My chest feels empty, and when I breathe, I struggle not to start shaking and crying. I force myself to sound normal in conversation, will myself to write coherent sentences. I crave solitude and company all at once, time to process and time for comfort. It's easy to offer quick, sound-byte answers. It's easy to ask the rote questions every time something like this happens.
It's hard to just... think.
It's overwhelming. Overloading. Not the information. That I'll grab and absorb as much of as possible as quickly as possible.
It's the emotional assault. All of it, all at once, unrelenting, uninhibited, unfiltered, crashing over me and crushing me and pulling me downward and suffocating and smothering me. I can't process it. It's all of them -- the people dying, the people wounded, the people terrified, screaming, running, unable to will themselves to do anything, unsure what at all they could do, what they can do. It's the shooter. The responders. The shooter's family. The victims' families. The survivors' families. It's inescapable and unavoidable and mumbled and jumbled together; I'm terrified and disappointed and furious and lonely and grieving and resigned and shocked and waiting and desperate and sad and thankful and worried and anxious and aching allatonce. There's no logic to it. No cool, distanced objectivity. No capacity to make intellectualized arguments about the politics, the religion, the circumstances. There's only this untamed state of heart.
Language is far too inadequate a vehicle to fully describe this. But right now, it's all I have.
I'll throw myself into my writing.
If I keep myself busy, maybe I can forget.
This happens every time. The media uses the same words each time it happens. Senseless. Tragic. Horrific. Those words are so shallow now. They fail to convey even the smallest portion of what this is, what this means, how we feel. Language is too blunt and imprecise a tool.
There will be too many funerals next week, the week after, that should never have happened, shouldn't have to be planned, arranged, and paid for.
And I'm waiting. I'm waiting for it to happen. It hasn't happened yet, but I know it will.
Someone, somewhere is going to say that the killer was autistic. Or mentally ill. Or insane. Or sick in the head. His lawyers are going to take their cue from the media, from comments on the internet, from past cases, and they're going to put it into their arguments, whether or not there is any documentation about his disabilities or lack thereof.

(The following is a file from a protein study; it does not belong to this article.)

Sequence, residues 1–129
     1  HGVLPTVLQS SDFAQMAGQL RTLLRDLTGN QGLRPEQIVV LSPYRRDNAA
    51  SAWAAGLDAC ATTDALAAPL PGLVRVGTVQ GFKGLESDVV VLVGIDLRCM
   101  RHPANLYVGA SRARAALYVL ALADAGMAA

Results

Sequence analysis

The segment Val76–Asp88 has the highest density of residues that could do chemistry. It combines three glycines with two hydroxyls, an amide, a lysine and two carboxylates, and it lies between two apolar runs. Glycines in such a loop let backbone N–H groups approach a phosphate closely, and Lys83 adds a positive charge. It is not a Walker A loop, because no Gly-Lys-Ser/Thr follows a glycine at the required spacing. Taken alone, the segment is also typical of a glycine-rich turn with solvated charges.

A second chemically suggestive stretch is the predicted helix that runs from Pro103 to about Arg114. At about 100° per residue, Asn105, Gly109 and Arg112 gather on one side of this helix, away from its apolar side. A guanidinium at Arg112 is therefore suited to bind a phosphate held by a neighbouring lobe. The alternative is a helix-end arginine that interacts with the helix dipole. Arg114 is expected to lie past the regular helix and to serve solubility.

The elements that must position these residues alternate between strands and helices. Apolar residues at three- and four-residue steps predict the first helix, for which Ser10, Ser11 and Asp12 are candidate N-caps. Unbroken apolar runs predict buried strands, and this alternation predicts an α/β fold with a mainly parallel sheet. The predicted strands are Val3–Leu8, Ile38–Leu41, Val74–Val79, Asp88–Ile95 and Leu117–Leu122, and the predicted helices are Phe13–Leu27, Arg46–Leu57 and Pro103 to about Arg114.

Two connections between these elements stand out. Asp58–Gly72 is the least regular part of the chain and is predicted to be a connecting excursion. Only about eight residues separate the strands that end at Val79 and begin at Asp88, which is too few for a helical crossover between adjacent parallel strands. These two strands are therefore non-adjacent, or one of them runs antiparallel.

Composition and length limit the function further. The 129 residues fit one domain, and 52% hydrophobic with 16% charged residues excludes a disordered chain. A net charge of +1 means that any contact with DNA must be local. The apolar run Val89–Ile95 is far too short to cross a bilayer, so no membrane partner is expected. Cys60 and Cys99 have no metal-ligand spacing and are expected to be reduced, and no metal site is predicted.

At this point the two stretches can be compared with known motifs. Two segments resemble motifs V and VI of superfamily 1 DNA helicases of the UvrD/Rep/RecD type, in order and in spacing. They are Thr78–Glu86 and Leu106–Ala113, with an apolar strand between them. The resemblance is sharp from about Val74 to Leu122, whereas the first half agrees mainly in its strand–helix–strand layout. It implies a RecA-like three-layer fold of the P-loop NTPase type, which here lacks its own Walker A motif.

When these things happen, there's always a second round of victims. And that's us, the neurodiverse. And we wait for it to happen because we know it will. It always does. Ableism is the inevitable byproduct of tragedy. And sometimes it comes from our own communities. I hear it from the mouths of some of my fellow Autistics, when they in the same breath reject the suggestion that a perpetrator is Autistic while declaring that he is just mentally ill. I hear it from parents, from journalists, from casual acquaintances. And every time, it cuts deeper, reopens the torrent of unidentifiable emotions mangled together in a bizarre and incomprehensible mezcla. It's a personal fitnah for me.
How can I begin to process that? I can't bring myself to read any more of the news because I dread seeing the accusation in print, in neat little quote marks where someone remarks callously, always so callously, that only someone who is mentally ill could do something so horrific and appalling.
No. No. No. Your words hurt. Your words cut and damage and taint real people's lives, real people who suffer the indignities and consequences of your ableism, real people who are denied access to education and housing and employment and even relationships because your words hurt and people don't forget.
Don't use these times to perpetuate ableism. We already suffer enough for it.
It's coming. And there's absolutely nothing that I can do to stop it except wait for my emotional crucible to overflow again and pray for respite and focus. All I want to do is weep.